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Mike's story: Randonnée di Napoli

BaseCamp athlete Mike Adsit shares his experience at the 2024 Randonnée di Napoli in Italy.

As I do every season, I checked in at the beginning of the year with a friend from Arezzo, Italy, whom I met many years ago on a randonnee north of Rome and with whom I have stayed in contact over the years. I have joined his club for some sort of cycling event almost every year since then. Ale sent me a list of events he was planning for the year. The 190Km Randonnee di Napoli last Sunday fit nearly perfectly with my own preparations and planning for 2024 in almost every respect, except for one…. RdN was being held on Gravel Challenge weekend. I had a choice to make.

Being held in Napoli and Campania, in Italy, which from personal experience I knew had challenging road surfaces, but that’s another story, I thought that perhaps I could do the Randonnee and get in a near gravel like experience but compressed into one long day in the saddle. The route started in Napoli, continued to Sorrento, jumped over to the Amalfi coast, went over the Valico di Chiunzi mountain pass to encircle Mount Vesuvius (the volcano that erupted 2000 years ago and engulfed Pompeii in volcanic ash ultimately resulting in some of the best areas in the world for growing tomatoes like those used in the best Neopolitan pizzas) to return to Napoli. I couldn't resist the call for the long needed weekend getaway that I promised my wife months ago.

The Amalfi Coast road, which was a main feature of RdN is one of the most beautiful roads I have ridden, anywhere. It’s easier to ride than to drive, which I did the day before. It’s carved into a cliff with the sea on the right, slightly downhill most of the way, plenty of sharp turns and oncoming traffic. If you miss a turn it’s a precipitous fall into the drink. Gorgious and exhilarating. I understand that has starred in memorable chase scenes of several classic movies.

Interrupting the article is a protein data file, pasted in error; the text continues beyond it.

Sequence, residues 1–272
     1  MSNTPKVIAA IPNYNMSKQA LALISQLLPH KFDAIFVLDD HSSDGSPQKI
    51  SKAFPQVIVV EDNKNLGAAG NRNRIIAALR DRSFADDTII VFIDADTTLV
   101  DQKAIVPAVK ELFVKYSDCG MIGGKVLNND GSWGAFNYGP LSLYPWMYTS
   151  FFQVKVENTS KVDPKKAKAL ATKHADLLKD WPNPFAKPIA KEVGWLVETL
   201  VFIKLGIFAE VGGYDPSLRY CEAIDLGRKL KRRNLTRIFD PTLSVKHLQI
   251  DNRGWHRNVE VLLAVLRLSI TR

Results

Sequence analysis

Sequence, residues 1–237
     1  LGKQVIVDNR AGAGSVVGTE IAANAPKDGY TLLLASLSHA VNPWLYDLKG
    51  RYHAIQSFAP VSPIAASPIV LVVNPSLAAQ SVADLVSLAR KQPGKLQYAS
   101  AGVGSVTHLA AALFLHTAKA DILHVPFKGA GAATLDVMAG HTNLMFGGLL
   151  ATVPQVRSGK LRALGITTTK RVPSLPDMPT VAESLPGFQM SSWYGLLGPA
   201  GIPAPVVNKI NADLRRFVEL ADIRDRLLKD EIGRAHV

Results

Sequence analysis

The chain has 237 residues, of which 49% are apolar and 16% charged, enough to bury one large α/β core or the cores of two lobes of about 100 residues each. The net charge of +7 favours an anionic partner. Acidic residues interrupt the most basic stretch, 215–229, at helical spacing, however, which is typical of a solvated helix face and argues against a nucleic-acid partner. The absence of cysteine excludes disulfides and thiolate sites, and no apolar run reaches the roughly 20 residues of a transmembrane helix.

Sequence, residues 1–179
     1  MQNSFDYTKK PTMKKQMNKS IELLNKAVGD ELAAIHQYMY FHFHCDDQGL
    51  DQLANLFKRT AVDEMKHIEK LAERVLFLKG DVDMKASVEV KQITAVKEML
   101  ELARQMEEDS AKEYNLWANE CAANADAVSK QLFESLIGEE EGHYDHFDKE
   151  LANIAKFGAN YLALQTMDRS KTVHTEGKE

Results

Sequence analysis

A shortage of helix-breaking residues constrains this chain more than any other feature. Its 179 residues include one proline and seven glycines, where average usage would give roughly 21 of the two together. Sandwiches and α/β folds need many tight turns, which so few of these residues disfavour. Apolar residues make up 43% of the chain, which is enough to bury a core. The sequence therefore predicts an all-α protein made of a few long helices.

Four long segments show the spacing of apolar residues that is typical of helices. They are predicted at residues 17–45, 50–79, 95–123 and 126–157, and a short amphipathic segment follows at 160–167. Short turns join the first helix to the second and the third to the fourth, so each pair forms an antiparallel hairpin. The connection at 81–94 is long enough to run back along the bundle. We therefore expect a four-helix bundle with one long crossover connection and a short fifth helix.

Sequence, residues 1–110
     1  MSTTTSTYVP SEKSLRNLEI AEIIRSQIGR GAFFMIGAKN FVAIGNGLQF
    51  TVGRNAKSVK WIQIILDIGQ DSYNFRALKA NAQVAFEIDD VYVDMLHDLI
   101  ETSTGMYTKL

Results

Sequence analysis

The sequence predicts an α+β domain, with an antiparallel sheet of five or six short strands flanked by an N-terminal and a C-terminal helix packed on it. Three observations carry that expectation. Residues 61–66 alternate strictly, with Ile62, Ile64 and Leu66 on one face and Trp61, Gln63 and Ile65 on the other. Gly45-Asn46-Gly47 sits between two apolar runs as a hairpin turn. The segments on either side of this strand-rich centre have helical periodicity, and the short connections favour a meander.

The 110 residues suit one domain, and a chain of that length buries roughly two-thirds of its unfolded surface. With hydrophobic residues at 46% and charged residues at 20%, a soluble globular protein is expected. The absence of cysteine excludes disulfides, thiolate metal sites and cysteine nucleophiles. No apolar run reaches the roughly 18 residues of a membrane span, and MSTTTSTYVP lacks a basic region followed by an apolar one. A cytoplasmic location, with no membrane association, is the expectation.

In order to get to the road leading to Amalfi, however we had to ride out of Naples and through crowded touristy streets near Sorrento. Napoli is cursed with possibly the worst "paved" roads in Europe, maybe in the entire world. Pavee paving is ubiquitous around Napoli. My body is still chattering, three days later. If riding pavee counts as a legitimate alternative to gravel, I deserve full credit for the gravel challenge!

I rode the first part of the Randonnee with my Italian friends from Arezzo. We started at 7:00am and made nice time through the first two stops for “Ristoro” and to have our control cards stamped.

Shortly after the second control stop near Sorrento, at about 60Km in to the ride, the course route was closed off because of an automobile race along the same route as the randonnee. I had fallen back several hundred meters behind my friends and lost site of them. I did not get the message that because of the road closure, Randonnee was diverted on to a parallel road across the remainder of the Sorrento peninsula to the Amalfi coast. Because my Garmin had chosen the "best" day of the year to act up (I kept getting a notice that there was an error calculating the route) I was worried that I might run out of battery charge by the end of the day because of excessive repeated route calculation errors.

I simply thought that my best chances to complete the event would be to get back to the original course ASAP, which I did. I proceeded downhill for several kilometers, past the race cars (mini Formula 1 style) getting set up for their race. All was great until the police stopped me several Kilometers down the hill, making their intensions abundantly that I was not to pass by using plenty of internationally understood Italian hand motions bordering on obscene gestures. The road was closed and there was no choice but to ride back up the hill and continue via the detour route. By that time made it back up the hill I was riding by myself and contemplating whether I should bail from the 200 Km route and join the 100km route to Solerno, from where I could return to the start in Napoli by train. Race on. My race quickly became me against my Garmin battery. I had no idea whether or not it would last until the end of the event. Let’s just say that I was concerned whether the route was sufficiently well marked for me to make it back safely should my Garmin ran out of battery.